It would be easy to get weird here. to be apologetic, as if there were an obligation. I could also try to tell myself that I have to make up for two days with no posts by writing something extra long and good. not going to do it.
I read a rant about the hashtag #blessed that became an instant cliche on twitter and instagram. I can't speak to snapchat; that's not a platform I use. but there was something in the critique that stuck with me -- it was a humblebrag, ooh, look what I got kind of thing. and I get it. there is something disingenuous about public gratitude, because it puts one's possessions and accomplishments forward into others' view and says, "look! lookee what I got!" it can also become a "ooh, my life is so perfect and I am so evolved" form of self-aggrandizement, and quickly from there becomes easy to use ironically:
"baby puked all night. cleaned up the dog poop from the floor. out of coffee. #blessed"
but really, this morning, I want to use that hashtag. I want to publicly celebrate what feels good, what brings me joy, what has me singing. but I feel shy about it, afraid my own joy might make others feel bad. maybe without the hashtag, maybe just saying, today I am grateful for...
I'm not great with practice.
This is why I'm a beginning intermediate level pianist after years of lessons, why my viola playing never took off, and why, even after a full Waldorf teacher training and years of teaching in Waldorf schools, I never completed the Six Basic Exercises (Steiner's pre-meditation course of inner work). I get caught up in living what is urgent, what is emergent, what is in the here and now. And meditation, music practice, writing, it all falls by the wayside.
but this, sitting down with my computer at some point over the course of the day, this I can do. I may not be able to find the wherewithal in the early morning to sit down and meditate daily, but I can pause, and tune in, and breathe for a few moments, several times a day.
And sometimes, it feels like the most important thing in the world to ignore all those practices and obligations and go out into the warm wind of this April day. I must allow beauty to affect me, else why be alive?
I'm starting a series today of five-minute blog posts. I'll try to post every day for a while, and you never know. It could be crap, it could be diamonds. The point is, there will be posts!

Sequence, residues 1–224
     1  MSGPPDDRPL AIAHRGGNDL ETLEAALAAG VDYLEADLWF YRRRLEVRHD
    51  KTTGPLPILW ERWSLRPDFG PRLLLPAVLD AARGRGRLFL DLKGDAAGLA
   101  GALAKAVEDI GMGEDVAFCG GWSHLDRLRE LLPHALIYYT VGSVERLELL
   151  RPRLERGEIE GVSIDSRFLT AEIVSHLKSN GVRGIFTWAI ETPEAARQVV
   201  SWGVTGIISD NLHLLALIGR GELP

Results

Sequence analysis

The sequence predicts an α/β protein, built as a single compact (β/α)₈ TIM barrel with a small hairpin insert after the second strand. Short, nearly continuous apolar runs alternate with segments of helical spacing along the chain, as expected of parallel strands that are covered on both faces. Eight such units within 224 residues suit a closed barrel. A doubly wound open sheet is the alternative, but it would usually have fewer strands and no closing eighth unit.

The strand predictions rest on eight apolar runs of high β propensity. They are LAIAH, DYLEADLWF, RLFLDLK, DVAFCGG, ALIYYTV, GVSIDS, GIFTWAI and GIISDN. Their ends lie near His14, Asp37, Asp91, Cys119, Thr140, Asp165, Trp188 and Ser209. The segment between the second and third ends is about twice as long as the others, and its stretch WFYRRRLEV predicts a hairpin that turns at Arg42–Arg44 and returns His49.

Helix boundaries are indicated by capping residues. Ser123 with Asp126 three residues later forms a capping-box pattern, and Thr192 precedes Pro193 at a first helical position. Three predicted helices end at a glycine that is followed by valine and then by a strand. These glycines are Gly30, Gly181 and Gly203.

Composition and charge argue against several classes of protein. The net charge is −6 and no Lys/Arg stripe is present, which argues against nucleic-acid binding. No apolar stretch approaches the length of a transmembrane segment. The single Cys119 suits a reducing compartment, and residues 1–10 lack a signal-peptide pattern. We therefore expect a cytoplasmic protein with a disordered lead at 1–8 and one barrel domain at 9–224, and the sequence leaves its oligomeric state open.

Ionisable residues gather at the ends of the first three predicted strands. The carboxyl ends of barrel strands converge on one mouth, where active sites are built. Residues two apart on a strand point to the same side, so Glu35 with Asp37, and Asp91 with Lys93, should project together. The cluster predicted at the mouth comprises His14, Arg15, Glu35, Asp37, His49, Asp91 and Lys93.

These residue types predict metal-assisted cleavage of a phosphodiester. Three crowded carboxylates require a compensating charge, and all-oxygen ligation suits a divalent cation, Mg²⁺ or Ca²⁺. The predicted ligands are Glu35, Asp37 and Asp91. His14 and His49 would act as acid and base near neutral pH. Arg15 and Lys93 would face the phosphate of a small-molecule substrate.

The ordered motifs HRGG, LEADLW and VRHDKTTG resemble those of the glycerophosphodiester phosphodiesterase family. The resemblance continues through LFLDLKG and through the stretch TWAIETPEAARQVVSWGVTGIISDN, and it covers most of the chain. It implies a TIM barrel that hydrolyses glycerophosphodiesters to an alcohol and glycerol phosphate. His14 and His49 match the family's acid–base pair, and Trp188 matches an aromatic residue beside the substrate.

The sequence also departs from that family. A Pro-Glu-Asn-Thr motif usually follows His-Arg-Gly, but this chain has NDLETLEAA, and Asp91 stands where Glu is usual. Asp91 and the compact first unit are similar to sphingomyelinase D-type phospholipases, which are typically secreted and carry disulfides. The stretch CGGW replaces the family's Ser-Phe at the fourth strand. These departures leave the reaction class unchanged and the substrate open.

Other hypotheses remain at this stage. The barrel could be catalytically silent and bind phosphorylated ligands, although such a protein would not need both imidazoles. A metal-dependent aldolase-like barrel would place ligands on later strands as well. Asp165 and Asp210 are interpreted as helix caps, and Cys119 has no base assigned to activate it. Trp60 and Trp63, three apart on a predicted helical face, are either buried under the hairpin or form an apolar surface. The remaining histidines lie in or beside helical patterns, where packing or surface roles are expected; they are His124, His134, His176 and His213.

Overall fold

I've just looked across the street from the coffee shop where I'm sitting, and noticed that the coffee shop over there has changed hands, and has a new name. This is surprising, but a good reminder of how much I take the same pathways and roads every day. I drive on autopilot. Of course, I'm looking where I'm going, watching out for pedestrians and cars and ducks and dogs, but really, my hands just drive to car to where I'm going. To school, to work, to church. Sometimes, I start out heading somewhere and find myself driving somewhere else completely.
When we're on autopilot, we miss out. There are advantages to letting processes become habit. We need habitual movement, or else everything would require such concentration we would be exhausted by getting out of bed, by making a cup of coffee, by brushing our teeth. Sometimes, due to illness or injury, those processes cease to be automatic, and we have to re-learn how to do what was once accomplished so easily; we have to bring our minds to the task.
It's when we pay attention to those small tasks, though, that sometimes the magic appears. It's in the midst of something ordinary that the encounter occurs that will start us on a new adventure. In our hero/ine journey, we are presented again and again with the opportunity to step into the unknown.
Five minutes are up. I'm off to an appointment and to work. see you soon!
Sara Renee Logan has been telling stories to everyone who would listen since she was seven. She organized storytimes for her college roommates, and spent a year at Oxford studying folklore and folktales. Many years as a Waldorf teacher allowed her to tell stories about everything from Baba Yaga's hut on chicken legs to the water cycle to the life of Joan of Arc. Sara shares her life with her partner, Melanie, their son, and an unreasonable family of pets. She continues to share her love of storytelling and stories with audiences of all ages, specializing in bringing the wild beauty of folktales to young and old. Sara writes about parenting, storytelling, and about living a life with stories.